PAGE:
Feeds:
Posts
Comments

Posts Tagged ‘learning’

I get told every so often that I should have been a teacher.

The people telling me this are disregarding the massively antisocial aspects of my personality to reach this conclusion, but I do kinda see where they’re coming from. Aside from the whole human interaction element, I quite like teaching.

I guess the way I tend to think of it is that I enjoy explaining stuff I understand. In front of a chalkboard staring at a couple of dozen pre-adolescents is absolutely not somewhere I’m ever going to feel at home, but some one-on-one maths tutoring is something I’ve been meaning to do for a while. I’m good enough that it could provide a nice little side-income.

And, like, a good chunk of what I’m trying to do on my blog is explain stuff that interests me to other people. I think I can be a bit teacher-y, so long as it’s well outside the standard classroom environment.

And I sometimes remember that I have definite Opinions about teaching, and how it can be done well and badly. I’ve been convinced for a while that many people’s profound aversion to anything involving numbers can be largely explained by a crappy standard of teaching with regard to all the fundamentals. If you think you hate maths, there’s a good chance you could understand a lot of its bewildering ideas much better if they were introduced in a better-structured manner.

In fact, I started a series of posts back in my LiveJournal days called Happy Funtime Maths Hour, attempting to do exactly that. It was inspired by the polite curiosity of my humanities-oriented university housemates, starting a longer time ago than I’m comfortable thinking about. So when I said I get told I should’ve been a teacher “every so often”, I guess I meant “fairly regularly for over a decade now”.

And I might actually have to start listening, in some form or another. There’s a couple of things that have made me think about this again lately. The first was listening to the audiobook of Tim Ferriss’s The 4-Hour Chef. There’s a lot going on in there: it’s partly a cookbook, with recipes and so on, but it’s also a treatise on the process of learning itself. It examines the path taken by the author to becoming a skilled cook, and picks out the crucial parts of how that learning actually happened. It builds a system of teaching skills based on the way they’re likely to be most efficiently acquired.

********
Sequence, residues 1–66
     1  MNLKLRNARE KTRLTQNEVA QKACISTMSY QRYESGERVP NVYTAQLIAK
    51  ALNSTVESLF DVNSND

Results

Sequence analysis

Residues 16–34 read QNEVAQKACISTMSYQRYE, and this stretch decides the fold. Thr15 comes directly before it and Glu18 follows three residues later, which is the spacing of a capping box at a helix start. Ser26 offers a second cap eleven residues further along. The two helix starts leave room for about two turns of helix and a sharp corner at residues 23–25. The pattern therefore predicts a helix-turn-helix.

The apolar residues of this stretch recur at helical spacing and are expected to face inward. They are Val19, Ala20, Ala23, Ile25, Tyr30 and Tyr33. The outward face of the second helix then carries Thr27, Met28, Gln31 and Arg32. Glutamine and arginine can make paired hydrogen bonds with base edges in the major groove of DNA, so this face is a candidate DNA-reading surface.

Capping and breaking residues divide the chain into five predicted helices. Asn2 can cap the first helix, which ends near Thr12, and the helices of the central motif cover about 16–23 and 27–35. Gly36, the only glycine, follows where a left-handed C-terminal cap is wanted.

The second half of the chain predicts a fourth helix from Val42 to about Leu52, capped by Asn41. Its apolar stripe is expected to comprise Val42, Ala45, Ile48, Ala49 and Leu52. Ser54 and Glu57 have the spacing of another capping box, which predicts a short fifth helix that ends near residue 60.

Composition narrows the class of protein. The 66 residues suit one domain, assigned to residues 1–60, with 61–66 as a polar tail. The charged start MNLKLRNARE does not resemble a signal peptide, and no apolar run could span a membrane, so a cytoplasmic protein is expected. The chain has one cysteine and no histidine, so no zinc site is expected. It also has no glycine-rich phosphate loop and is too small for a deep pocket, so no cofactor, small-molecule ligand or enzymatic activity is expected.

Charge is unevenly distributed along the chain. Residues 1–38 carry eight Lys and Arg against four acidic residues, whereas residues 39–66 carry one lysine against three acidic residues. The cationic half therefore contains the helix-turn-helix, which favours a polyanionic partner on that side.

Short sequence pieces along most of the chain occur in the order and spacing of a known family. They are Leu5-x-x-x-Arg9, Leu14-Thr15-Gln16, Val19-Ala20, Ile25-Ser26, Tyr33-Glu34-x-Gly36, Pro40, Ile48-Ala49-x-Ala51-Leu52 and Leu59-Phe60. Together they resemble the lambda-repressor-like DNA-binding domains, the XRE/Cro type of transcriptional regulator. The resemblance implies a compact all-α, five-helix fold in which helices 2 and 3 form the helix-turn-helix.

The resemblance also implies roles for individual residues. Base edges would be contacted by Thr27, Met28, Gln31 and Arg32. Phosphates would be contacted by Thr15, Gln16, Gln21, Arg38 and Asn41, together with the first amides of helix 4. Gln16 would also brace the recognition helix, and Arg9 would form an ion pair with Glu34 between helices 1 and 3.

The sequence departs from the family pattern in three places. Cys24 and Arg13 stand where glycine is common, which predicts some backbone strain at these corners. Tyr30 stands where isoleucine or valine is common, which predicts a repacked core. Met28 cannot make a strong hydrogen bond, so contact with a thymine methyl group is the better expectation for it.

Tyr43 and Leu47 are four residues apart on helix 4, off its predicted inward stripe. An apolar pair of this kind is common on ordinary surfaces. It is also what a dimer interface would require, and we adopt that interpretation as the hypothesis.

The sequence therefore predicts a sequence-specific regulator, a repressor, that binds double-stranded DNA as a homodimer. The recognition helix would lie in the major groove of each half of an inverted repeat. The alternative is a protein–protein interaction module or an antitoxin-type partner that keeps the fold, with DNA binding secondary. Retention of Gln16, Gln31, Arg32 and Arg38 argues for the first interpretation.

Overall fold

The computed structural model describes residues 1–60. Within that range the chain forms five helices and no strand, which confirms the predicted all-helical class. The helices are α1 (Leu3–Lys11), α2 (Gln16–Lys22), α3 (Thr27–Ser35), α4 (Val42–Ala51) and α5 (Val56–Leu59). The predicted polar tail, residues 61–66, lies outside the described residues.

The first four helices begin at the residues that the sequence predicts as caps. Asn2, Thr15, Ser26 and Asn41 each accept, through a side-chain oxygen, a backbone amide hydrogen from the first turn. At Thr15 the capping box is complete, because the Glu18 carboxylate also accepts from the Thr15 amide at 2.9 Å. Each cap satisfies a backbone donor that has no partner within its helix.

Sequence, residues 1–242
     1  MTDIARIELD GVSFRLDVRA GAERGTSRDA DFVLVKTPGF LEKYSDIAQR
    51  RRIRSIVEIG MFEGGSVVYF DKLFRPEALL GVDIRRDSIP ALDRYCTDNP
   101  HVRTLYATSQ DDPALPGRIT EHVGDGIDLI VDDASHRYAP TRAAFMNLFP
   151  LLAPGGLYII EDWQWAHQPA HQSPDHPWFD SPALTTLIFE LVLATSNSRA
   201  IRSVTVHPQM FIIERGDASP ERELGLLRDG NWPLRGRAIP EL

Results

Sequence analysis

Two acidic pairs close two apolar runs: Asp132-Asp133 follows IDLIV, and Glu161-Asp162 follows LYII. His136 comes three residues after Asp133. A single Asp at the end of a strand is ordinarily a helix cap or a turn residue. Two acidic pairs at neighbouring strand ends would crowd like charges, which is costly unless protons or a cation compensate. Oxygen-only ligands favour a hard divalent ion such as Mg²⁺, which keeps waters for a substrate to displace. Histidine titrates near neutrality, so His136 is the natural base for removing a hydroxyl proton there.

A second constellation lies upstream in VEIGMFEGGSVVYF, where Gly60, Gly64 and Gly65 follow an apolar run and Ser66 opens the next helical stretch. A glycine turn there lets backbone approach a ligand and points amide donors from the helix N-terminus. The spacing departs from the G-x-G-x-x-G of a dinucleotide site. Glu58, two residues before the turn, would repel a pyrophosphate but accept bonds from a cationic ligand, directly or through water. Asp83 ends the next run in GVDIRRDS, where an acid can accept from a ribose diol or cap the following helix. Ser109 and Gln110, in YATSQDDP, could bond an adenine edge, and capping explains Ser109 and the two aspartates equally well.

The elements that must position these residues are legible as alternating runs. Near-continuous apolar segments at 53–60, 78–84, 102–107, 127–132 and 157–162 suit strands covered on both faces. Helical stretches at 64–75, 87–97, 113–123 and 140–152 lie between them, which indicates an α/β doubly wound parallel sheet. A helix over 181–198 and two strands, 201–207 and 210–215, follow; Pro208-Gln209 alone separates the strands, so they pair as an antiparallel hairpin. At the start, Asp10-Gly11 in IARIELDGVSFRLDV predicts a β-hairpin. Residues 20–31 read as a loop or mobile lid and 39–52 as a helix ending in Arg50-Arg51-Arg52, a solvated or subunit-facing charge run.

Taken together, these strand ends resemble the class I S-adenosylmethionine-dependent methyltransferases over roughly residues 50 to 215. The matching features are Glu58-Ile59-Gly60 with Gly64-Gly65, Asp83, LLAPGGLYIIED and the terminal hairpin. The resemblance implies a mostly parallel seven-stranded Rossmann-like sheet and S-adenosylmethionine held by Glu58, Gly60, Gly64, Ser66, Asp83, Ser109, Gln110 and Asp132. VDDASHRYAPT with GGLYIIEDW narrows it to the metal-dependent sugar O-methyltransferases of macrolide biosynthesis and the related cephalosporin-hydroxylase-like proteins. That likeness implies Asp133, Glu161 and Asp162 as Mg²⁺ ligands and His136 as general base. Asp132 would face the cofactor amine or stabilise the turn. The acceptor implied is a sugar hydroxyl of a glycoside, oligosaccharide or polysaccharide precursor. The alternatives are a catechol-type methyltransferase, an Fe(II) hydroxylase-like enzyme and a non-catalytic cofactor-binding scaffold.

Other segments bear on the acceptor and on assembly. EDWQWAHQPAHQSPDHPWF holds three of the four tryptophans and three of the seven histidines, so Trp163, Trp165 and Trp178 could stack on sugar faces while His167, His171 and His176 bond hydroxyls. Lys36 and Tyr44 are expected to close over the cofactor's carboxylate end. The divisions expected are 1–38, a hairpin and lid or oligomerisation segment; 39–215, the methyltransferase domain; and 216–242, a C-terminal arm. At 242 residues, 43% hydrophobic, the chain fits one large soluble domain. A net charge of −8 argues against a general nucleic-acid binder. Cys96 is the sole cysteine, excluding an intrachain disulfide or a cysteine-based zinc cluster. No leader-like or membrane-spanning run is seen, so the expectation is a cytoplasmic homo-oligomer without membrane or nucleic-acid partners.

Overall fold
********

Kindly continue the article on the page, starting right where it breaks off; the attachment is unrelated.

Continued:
Not everything in the book entirely hit home with me, but it definitely had an effect how I think about the process of learning. I’m learning to cook myself, not in quite as organised a fashion as Tim, but in some way inspired by his methods.

One thing I was inspired to do was actually crack open one of the hardcopy cookbooks we have on our shelves. We recently picked up three volumes of Delia Smith’s How To Cook in a charity shop, thinking it might be a good starting point for me to pick up some more basic kitchen skills. These books are somewhat well known for starting from the absolute fundamentals, explaining in simple detail the basics of how to boil an egg, and I vaguely remember them attracting some negative commentary from people who found something risible about this perfectly fine idea.

After some introduction and opening preamble, page 16 of the first volume kicks things off with the header: “How do you boil eggs?”

Just overleaf, on page 19, is this picture:

Now, I’ve never actually taught anything, and I didn’t read the intervening pages in full, so technically I don’t even know how to boil an egg either. But if you’re talking to someone who you’re assuming knows nothing about cooking at all, and they turn a single page to find themselves expected to produce that, something really seems to have gone awry somewhere in the pedagogical process. Maybe other people really have learn loads about cooking from scratch by this exact process, but to me it feels badly disconnected from anything someone clueless and hoping to learn things could actually engage with.

Educating people in ways they won’t get distracted or put off by may be becoming one of my Things. Watch this space.

Advertisements

Read Full Post »

Argument against the human body being the product of intelligent design #234978: lack of progress bars.

I’m bad at a lot of things I’d like to be less bad at. Now, the part where that takes hundreds of hours of effort to make tiny incremental improvements to your skill level, I get. But I’m also painfully aware of the possibility that, after putting hundreds of hours of effort into something, I won’t have achieved anything worth crowing about at the end of it all. That has to be possible as well, right?

My base level of talent at, say, drawing, is so low that, even if I worked really hard at it, to the same degree as other people who’ve practised long enough to get really good (which, let’s face it, is unlikely), I’m not convinced I’d make anything like enough progress for it to be worthwhile. Because that incremental improvement is basically just a rumour at this stage. It’s an urban legend about something that’s happened to other people but never been directly observed.

If I could just watch that progress bar slowly, slowly ticking forward toward my next level-up as I work at it, I wouldn’t keep deciding that my latest pet project is futile and giving up six times as a day.

Again, I’m not objecting to the fact that learning new skills takes a long time and a great deal of effort. Progress is allowed to be slow, and hard work is the most rewarding kind. I’m young enough that it’s not like I don’t have thousands of hours available to try getting good at a few different things, but the suspicion that my achievement level is remaining at precisely zero despite my actions is inescapable.

Just blindly hoping that it’s all going somewhere, anywhere, isn’t enough. My brain needs an XP-counter implant, dammit.

Read Full Post »

%d bloggers like this: